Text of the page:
A Simple Bare-Bones Budget

In the uncertainty of the current times, I’ve been so grateful that we have been tracking our expenses so diligently since at least 2014. Thanks to this habit, we have a pretty good idea of a simple bare-bones budget that we could implement by reducing certain expenses that we consider as discretionary expenses should we need or want to. 

Having a simple bare-bone budget drafted out, even if you have no plans of currently implementing it, is such a powerful tool. It gives you the confidence that you could adapt to various circumstances. For example, if one of our income was reduced or one of us lost our job, we know that we can cut some expenses and stretch our savings out further. 

See below the article for a link to sign-up and get My FREE Simple Bare-Bones Template which you can copy to fill-out with your own numbers!

Free Simple Bare-Bones Budget Template

The Power of Tracking your Expenses

We are extremely lucky that our income has not been at risk and that we are already quite far on our FI path. I’m very aware that not everyone is in the same situation. Some of the clients I’ve been coaching have had to deal with shifting or lower income due to the various closures and changes caused by this global pandemic. 

The one thing that has repeatedly been cited as the most helpful through these times by my clients has been the fact that when working with me, they diligently track their expenses. This habit is pretty crucial to be able to set realistic expenses in your own simple bare-bones budget.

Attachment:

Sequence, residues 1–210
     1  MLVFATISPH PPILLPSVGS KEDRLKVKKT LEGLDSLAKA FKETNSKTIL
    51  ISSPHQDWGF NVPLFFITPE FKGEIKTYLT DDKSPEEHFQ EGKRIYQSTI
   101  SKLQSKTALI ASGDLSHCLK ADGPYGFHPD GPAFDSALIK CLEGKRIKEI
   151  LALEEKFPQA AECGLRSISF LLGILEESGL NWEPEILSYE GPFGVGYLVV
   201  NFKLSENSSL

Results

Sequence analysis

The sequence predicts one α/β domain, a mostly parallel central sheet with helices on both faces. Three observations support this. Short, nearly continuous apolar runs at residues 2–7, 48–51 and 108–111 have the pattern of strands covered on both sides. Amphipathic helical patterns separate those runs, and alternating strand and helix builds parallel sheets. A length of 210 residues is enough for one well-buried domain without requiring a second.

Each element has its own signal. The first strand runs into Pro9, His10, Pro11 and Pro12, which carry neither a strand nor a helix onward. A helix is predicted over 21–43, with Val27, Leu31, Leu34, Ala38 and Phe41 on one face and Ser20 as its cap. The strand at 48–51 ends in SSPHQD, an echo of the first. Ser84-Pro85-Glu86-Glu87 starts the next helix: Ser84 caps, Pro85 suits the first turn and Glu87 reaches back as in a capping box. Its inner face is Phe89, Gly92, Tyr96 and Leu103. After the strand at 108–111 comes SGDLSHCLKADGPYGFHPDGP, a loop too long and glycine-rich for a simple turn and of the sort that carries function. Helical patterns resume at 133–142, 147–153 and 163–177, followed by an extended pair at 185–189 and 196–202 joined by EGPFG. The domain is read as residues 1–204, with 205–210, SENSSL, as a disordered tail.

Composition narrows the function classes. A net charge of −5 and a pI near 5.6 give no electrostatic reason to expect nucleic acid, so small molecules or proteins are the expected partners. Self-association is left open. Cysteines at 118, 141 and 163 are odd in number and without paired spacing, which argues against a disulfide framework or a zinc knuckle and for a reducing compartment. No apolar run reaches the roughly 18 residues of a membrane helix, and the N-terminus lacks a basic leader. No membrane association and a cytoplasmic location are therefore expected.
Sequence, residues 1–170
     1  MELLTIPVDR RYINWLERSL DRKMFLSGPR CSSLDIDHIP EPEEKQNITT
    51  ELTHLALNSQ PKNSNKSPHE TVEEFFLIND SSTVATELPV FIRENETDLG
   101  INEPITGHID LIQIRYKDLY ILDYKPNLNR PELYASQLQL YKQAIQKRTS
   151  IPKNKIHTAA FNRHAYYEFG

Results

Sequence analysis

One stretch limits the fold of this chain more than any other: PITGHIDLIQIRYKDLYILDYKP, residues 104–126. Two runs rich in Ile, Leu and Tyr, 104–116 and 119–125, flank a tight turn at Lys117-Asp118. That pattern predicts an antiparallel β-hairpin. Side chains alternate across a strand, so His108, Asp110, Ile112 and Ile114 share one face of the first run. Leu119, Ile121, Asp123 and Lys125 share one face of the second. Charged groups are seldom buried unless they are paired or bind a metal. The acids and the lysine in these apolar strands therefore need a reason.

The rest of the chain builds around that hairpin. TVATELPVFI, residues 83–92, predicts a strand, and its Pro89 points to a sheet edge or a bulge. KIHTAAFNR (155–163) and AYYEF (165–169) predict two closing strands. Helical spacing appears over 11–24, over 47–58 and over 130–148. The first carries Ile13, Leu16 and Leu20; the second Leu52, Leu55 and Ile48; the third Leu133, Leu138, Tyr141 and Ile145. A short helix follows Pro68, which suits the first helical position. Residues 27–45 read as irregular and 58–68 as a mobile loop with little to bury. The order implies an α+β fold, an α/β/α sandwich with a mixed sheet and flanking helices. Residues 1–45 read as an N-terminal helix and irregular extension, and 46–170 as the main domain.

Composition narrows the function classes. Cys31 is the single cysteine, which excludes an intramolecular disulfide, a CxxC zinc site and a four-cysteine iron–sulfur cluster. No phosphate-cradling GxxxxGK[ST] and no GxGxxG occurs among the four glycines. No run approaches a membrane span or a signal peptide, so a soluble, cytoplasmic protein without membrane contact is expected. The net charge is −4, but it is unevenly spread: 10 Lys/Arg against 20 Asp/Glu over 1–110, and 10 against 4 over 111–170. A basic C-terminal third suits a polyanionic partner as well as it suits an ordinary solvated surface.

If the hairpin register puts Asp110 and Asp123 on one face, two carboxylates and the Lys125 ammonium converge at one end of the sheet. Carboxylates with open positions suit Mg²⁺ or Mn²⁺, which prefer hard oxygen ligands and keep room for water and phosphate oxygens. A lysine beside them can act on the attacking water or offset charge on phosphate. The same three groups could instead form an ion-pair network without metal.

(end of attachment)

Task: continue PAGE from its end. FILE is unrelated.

Additionally, tracking and ideally doing so closely to when you’ve incurred the expenses, is greatly helpful in allowing you to grasp a direct link between your actions and identify those that tend to cause you to spend more than you would like. Finding those links then helps you take concrete steps to modify your behavior to reduce your spending. 

Furthermore, by tracking, you can find out what is a sustainable target to budget in specific categories of expenses, especially for those variable and discretionary expenses.  It’s definitely a key habit to establishing a realistic budget by tracking your expenses

Creating Your Simple Bare-Bones Budget

The template I created will serve to clearly show the potential gap that would exist between your income and your bare-bones expenses. 

Therefore the first part of this exercise will be to input your average monthly net income (that is the pay that you actually receive in your account after your taxes and deductions). Make sure to include any other income you receive such as the Canada Child Benefit, any potential side-hustle income or other.

Simple Bare-Bones Budget

The next part will be to focus on your expenses. As you’ll see, I’ve separated the expenses in 5 different sections. 

You are free to insert or modify the titles of the expense categories and decide to move them from one section to the next depending on your needs. Just make sure to verify that the formulas contained in any “total” cells are accurate following any changes. Feel free to reach out and grab a time for a 30 minute session if you have any issues or questions while preparing your own bare-bones budget.

Here’s a quick overview of what the different sections of expenses reflect:

Recurring Fixed:

  • These occur on a monthly basis and tend to remain at a similar amount throughout the year.